in the embodiment shown in FIGS. 3 and 4 the same parts are provided with the same numerals.

According to FIG. 3 the separating wall 4 does not extend within the hollow body between two opposed locations shifted in the longitudinal direction of the hollow body. The surface of the separating wall is considerably increased, as compared to a transverse dia' phragm, since it extends tongue-like into the first section 9 substantially in the longitudinal direction of the hollow body.' The tongue 4 consists of two parallel stretchable strips 11 and 12 which are glued together at their edges. The edge gluing is indicated by the numerical in FIGS. 3 and 4.

The tongue may also consist of flat plates carrying these strips.

A hollow space is provided between these strips or plates which is in communication with the open end 13 of the tube, which can be described as the second section. The first section 9 is filled with silicon oil. When pressure is exerted through the diaphragm 3 upon the first section 9, the hollow space between the plates 11 and 12 is diminished, so that the plates are bent and provide an electrical signal corresponding to the action of the pressure. In order to prevent the two plates from touching each other, means are provided in the interior of the tongue-like separating wall which prevent the two tongue-like parts from touching each other when pressure is exerted upon the tongue. These means consist of an electrically non-conducting distance holder or spacing means 14.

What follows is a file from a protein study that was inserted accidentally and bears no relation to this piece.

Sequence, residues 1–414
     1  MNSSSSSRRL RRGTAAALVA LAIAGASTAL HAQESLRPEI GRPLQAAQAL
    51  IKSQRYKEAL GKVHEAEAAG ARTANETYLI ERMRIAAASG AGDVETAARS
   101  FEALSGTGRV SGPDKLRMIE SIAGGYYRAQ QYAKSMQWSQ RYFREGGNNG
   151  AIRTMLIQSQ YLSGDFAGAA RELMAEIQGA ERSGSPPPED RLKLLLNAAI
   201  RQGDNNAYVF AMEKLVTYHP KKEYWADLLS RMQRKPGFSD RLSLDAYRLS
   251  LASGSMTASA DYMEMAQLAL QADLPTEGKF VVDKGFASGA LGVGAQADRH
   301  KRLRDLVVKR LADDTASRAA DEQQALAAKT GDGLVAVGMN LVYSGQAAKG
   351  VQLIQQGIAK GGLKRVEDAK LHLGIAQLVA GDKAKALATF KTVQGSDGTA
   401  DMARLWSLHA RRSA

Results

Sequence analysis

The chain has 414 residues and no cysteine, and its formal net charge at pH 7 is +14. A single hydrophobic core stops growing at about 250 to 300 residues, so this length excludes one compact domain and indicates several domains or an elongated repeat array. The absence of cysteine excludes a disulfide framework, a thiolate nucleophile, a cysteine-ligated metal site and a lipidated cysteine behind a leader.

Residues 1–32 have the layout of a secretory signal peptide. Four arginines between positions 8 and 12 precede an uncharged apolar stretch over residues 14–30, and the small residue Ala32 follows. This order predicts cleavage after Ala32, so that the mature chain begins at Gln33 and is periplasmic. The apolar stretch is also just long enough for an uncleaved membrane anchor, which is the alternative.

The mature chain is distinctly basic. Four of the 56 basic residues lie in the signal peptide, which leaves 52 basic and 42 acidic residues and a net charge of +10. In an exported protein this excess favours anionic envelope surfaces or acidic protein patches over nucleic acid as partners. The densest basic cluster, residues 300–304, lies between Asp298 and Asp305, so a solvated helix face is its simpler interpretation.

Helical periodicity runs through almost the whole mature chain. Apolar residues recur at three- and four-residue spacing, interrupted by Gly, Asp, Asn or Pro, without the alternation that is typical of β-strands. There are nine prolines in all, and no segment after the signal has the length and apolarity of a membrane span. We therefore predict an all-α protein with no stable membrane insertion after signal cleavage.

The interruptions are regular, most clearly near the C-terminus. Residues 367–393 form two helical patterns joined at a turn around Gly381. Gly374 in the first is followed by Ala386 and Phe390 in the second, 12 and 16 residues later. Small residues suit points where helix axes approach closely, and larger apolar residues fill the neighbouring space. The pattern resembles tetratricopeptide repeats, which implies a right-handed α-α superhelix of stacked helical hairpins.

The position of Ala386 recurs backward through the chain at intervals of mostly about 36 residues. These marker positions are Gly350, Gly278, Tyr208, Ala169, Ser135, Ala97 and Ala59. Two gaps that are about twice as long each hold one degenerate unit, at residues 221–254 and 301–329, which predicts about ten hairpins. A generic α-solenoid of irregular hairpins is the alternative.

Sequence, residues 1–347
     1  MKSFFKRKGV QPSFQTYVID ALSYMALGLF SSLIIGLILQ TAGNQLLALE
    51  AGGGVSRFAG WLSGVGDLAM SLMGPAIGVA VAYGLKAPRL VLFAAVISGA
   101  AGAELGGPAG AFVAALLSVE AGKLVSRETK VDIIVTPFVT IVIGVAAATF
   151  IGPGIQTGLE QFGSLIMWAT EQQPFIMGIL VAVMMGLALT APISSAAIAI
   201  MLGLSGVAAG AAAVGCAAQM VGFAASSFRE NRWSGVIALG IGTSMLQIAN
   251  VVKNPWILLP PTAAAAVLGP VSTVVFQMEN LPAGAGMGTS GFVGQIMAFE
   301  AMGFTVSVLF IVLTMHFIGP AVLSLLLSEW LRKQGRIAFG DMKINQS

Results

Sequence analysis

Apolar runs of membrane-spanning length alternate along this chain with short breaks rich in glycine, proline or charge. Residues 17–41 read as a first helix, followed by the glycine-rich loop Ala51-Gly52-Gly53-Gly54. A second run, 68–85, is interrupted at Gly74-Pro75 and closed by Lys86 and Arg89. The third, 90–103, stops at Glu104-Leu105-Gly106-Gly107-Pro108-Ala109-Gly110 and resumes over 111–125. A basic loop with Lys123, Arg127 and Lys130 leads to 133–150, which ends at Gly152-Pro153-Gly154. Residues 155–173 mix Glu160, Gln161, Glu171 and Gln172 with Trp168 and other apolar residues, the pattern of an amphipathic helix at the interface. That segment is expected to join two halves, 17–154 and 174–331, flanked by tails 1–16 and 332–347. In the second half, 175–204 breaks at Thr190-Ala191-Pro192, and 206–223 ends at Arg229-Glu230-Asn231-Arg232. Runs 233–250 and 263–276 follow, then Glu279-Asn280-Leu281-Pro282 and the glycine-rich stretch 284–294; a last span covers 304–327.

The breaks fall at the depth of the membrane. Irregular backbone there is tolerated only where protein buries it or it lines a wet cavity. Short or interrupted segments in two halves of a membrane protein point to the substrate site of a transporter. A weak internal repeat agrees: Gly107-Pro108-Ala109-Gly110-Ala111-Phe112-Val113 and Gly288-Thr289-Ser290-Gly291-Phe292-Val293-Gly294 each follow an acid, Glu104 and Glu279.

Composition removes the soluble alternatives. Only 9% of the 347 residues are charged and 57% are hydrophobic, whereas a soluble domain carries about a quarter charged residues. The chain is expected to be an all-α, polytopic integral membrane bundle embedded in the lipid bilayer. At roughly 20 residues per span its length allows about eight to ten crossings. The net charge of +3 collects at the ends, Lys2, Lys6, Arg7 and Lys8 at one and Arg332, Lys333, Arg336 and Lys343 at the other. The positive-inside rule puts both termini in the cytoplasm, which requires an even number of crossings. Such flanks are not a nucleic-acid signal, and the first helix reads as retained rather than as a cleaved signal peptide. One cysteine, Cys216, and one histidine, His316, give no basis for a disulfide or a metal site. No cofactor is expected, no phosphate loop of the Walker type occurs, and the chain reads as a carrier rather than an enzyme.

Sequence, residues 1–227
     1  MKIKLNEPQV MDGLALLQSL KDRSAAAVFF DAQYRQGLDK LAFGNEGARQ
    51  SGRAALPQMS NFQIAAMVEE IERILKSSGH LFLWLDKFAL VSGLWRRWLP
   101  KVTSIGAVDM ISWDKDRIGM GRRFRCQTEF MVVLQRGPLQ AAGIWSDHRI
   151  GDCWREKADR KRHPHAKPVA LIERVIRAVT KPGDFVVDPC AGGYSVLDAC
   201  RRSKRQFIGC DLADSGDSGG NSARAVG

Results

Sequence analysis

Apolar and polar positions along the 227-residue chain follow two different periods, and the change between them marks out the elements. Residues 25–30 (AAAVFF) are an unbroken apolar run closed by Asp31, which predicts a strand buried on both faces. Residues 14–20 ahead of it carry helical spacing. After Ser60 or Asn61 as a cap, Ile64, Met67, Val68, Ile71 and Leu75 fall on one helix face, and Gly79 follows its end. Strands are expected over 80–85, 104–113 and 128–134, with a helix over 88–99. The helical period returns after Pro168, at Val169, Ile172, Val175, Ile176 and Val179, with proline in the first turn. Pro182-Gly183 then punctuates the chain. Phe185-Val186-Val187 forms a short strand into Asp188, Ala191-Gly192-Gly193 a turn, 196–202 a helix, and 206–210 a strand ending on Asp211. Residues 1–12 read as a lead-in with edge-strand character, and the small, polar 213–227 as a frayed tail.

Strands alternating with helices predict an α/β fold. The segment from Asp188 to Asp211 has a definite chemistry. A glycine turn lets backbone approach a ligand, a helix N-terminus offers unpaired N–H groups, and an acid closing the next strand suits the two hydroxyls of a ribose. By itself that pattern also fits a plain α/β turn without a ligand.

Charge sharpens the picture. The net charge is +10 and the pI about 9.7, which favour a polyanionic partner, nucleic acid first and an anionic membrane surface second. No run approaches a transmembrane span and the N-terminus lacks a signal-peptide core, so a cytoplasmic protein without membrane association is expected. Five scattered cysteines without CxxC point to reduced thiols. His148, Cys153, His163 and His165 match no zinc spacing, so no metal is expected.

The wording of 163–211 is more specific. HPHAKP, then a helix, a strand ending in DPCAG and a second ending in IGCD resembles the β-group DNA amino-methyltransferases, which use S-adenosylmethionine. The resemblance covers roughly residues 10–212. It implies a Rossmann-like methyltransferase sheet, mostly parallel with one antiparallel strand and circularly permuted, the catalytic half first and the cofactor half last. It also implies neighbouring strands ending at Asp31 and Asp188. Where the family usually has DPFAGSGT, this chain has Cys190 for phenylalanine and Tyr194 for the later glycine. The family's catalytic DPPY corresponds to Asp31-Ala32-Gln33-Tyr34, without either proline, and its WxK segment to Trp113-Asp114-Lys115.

I claim:

1. A pressure receiver for intracorporal pressure measurements. comprising an elongated hollow body and an at least partly elastic separating wall extending within said hollow body, said separating wall being cantelevered at one end, tongue-shaped and consisting of two spaced semi-conducting parallel extending strips elastically interconnected at their edges, said hollow body having a first section containing said separating wall and a second section being closed from said first section and communicating with the space between said two strips, said first section being filled with a liquid surrounding said wall and receiving the pressure to be transmitted and said second section having a comparing pressure, or vice versa. I a I 2. A pressure receiver according to claim I, wherein said strips consist of silicon strips with diffusion zones.

3. A pressure receiver according to claim 1, comprising means preventing said two strips from touching each other.

'4. A pressure receiver according to claim 3, wherein said means consist of an electrically non-conducting spacer.

Patent Citations
Cited PatentFiling datePublication dateApplicantTitle
US3088323 *Feb 10, 1960May 7, 1963Gulton Ind IncPiezoresistive transducer
US3350944 *Oct 17, 1963Nov 7, 1967Gen ElectricStrain gauge pressure transducer
US3424000 *Jul 29, 1966Jan 28, 1969North American RockwellSemiconductor flowmeter
US3527099 *Dec 6, 1968Sep 8, 1970Weatherhead CoStrain gage pressure transducer
US3553625 *Dec 29, 1967Jan 5, 1971Statham Instrument IncSide sensitive miniaturized pressure transducer
US3611797 *Feb 2, 1970Oct 12, 1971Bytrex IncStrain gage transducer sensing element